566 F.2d 1
UNITED STATES of America, Plaintiff-Appellee,
Burton Wesley STUARD and Donald W. Summar, Defendants-Appellants.
Nos. 77-5141 and 77-5142.
United States Court of Appeals,
Argued Oct. 17, 1977.
Decided Dec. 9, 1977.
Charles H. Anderson, U.S. Atty., William H. Farmer, Asst. U.S. Atty., Nashville, Tenn., for plaintiff-appellee.
James N. Bryan, Jr., Woods & Woods, Nashville, Tenn. (Court-appointed), for defendant-appellant in No. 77-5142.
Before PHILLIPS, Chief Judge, ENGEL, Circuit Judge, and LAMBROS, District Judge.*
Appellants Stuard and Summar were indicted and convicted of misprision of felony, 18 U.S.C. § 4 (1969).1 Evidence was presented at trial from which the jury could have concluded that appellants intentionally concealed from federal investigating officers circumstances under which 987 cases of Jim Beam whiskey had been removed surreptitiously from Stuard's truck in Tennessee and replaced with sand bags; and that, after the theft, appellants drove the truck to Arizona where they reported that the whiskey had been stolen, seeking to divert suspicion from the thief, a party known to them and with whom they had had contact in Tennessee.
This court recently has pointed out the dearth of decisions dealing with the federal misprision statute. Castaneda De Esper v. Immigration & Naturalization Service, 557 F.2d 79, 83 (6th Cir. 1977). The four elements which must be proved under the statute are set forth in the leading case, Neal v. United States, 102 F.2d 643, 646 (8th Cir. 1939), wherein the Eighth Circuit held:
'To sustain a conviction * * * for misprision of felony it was incumbent upon the government to prove beyond a reasonable doubt (1) that * * * the principal, had committed and completed the felony alleged * * * ; (2) that the defendant had full knowledge of that fact; (3) that he failed to notify the authorities; and (4) that he took * * * affirmative steps to conceal the crime of the principal.'
See Lancey v. United States, 356 F.2d 407, 409 (9th Cir.), cert. denied, 385 U.S. 922, 87 S.Ct. 234, 17 L.Ed.2d 145 (1966) (quoting Neal ). See also United States v. King, 402 F.2d 694, 695 (9th Cir. 1968). Cf. Branzburg v. Hayes, 408 U.S. 665, 696 n. 36, 92 S.Ct. 2646, 33 L.Ed.2d 626 (1972); United States v. Kuh, 541 F.2d 672 (7th Cir. 1976); United States v. Daddano, 432 F.2d 1119, 1123-24 (7th Cir. 1970), cert. denied, 402 U.S. 905, 91 S.Ct. 1366, 28 L.Ed.2d 645 (1971); Sullivan v. United States, 411 F.2d 556, 558 (10th Cir. 1969).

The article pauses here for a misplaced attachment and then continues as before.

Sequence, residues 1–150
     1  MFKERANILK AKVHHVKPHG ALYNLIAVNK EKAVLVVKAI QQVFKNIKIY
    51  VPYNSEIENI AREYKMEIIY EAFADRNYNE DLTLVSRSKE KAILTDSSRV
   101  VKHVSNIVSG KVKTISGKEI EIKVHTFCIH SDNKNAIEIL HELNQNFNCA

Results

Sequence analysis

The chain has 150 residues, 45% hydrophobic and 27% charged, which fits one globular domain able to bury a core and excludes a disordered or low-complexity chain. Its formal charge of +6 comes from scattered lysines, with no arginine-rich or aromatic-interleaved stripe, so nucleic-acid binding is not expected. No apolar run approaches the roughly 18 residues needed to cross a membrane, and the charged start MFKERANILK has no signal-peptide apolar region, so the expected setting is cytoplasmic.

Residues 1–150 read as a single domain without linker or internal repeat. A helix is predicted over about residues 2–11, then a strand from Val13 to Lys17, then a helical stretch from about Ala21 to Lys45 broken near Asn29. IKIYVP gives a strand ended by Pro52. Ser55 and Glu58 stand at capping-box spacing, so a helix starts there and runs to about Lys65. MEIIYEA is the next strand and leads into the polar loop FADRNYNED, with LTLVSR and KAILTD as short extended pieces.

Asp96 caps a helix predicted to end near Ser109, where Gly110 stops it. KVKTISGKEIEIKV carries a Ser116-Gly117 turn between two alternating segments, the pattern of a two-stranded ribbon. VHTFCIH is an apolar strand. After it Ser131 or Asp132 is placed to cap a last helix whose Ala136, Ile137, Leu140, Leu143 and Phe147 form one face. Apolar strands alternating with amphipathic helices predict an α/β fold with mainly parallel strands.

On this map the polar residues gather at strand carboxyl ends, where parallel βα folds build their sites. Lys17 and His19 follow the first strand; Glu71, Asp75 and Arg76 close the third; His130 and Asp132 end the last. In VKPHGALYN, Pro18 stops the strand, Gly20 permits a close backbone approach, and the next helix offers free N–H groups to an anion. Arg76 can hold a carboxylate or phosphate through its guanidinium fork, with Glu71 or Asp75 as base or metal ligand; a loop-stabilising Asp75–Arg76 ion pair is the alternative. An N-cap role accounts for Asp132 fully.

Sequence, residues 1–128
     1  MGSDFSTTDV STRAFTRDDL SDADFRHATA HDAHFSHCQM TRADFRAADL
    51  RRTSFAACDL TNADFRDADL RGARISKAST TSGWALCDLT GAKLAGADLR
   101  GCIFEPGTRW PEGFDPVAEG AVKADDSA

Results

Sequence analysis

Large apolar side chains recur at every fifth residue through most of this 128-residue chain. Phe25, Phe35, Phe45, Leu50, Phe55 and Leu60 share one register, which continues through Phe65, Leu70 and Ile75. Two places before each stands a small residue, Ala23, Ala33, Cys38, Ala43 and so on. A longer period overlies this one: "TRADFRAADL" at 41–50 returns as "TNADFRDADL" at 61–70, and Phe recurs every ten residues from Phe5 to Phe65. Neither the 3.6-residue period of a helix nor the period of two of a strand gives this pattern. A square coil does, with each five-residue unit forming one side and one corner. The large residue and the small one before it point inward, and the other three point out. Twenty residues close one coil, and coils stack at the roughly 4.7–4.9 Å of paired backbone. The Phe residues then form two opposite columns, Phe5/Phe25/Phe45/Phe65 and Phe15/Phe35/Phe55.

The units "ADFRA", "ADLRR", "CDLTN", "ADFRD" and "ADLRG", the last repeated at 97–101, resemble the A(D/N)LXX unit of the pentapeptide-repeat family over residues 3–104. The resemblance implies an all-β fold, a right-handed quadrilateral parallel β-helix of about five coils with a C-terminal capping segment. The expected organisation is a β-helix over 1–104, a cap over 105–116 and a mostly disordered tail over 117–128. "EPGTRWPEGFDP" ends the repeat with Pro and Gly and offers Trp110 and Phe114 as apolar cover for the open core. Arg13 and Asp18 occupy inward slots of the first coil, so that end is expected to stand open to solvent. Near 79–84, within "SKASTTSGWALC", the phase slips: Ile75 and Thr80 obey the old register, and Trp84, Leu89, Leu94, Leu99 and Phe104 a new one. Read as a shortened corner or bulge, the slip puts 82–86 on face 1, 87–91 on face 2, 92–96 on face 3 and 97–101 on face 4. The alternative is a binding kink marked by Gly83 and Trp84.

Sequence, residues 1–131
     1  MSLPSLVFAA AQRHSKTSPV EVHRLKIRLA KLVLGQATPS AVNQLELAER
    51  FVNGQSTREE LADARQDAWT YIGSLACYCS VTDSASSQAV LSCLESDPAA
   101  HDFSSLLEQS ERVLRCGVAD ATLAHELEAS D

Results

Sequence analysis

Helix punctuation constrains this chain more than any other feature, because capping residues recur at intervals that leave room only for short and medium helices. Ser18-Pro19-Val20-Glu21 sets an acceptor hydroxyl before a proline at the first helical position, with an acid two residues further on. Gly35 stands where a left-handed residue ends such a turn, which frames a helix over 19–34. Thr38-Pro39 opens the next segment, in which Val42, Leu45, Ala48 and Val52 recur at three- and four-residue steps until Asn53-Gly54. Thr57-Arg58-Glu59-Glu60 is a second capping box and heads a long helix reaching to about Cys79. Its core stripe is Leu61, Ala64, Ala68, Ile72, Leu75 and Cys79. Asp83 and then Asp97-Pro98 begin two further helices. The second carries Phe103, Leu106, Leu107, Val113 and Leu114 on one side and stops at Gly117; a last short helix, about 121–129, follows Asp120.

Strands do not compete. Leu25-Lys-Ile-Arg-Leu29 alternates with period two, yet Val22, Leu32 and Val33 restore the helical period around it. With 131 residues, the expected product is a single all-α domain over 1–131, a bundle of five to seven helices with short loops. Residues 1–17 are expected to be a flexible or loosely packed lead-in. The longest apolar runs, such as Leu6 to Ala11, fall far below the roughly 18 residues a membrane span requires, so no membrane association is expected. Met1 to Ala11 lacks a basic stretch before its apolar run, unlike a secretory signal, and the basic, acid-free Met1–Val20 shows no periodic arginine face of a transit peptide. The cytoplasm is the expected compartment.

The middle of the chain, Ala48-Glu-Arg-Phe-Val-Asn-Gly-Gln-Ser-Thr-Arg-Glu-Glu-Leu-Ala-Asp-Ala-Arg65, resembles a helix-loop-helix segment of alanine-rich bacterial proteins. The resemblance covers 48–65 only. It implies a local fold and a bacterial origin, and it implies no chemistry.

Neal and the decisions of other circuits cited above are in accord with the opinion of this court in United States v. Norman, 391 F.2d 212, 213 (6th Cir.), cert. denied, 390 U.S. 1014, 88 S.Ct. 1265, 20 L.Ed.2d 163 (1968), in which we enumerated three elements to be proved under the statute. The three elements set forth in Norman are the same in essence as the four elements in Neal quoted above. Norman differs from Neal in phraseology but not in meaning. We prefer the phraseology of Neal and, therefore, adopt the rule as quoted above from that decision.
Applying the Neal criteria, the record establishes that the evidence is sufficient to sustain the conviction on each of the four elements of misprision as to both appellants.
All other issues raised by appellants have been considered and are found to be without merit.
Honorable Thomas D. Lambros, Judge, United States District Court for the Northern District of Ohio, sitting by designation
4. Misprision of felony. Whoever, having knowledge of the actual commission of a felony cognizable by a court of the United States, conceals and does not as soon as possible make known the same to some judge or other person in civil or military authority under the United States, shall be fined not more than $500 or imprisoned not more than three years, or both. (June 25, 1948, c. 645, § 1, 62 Stat. 684)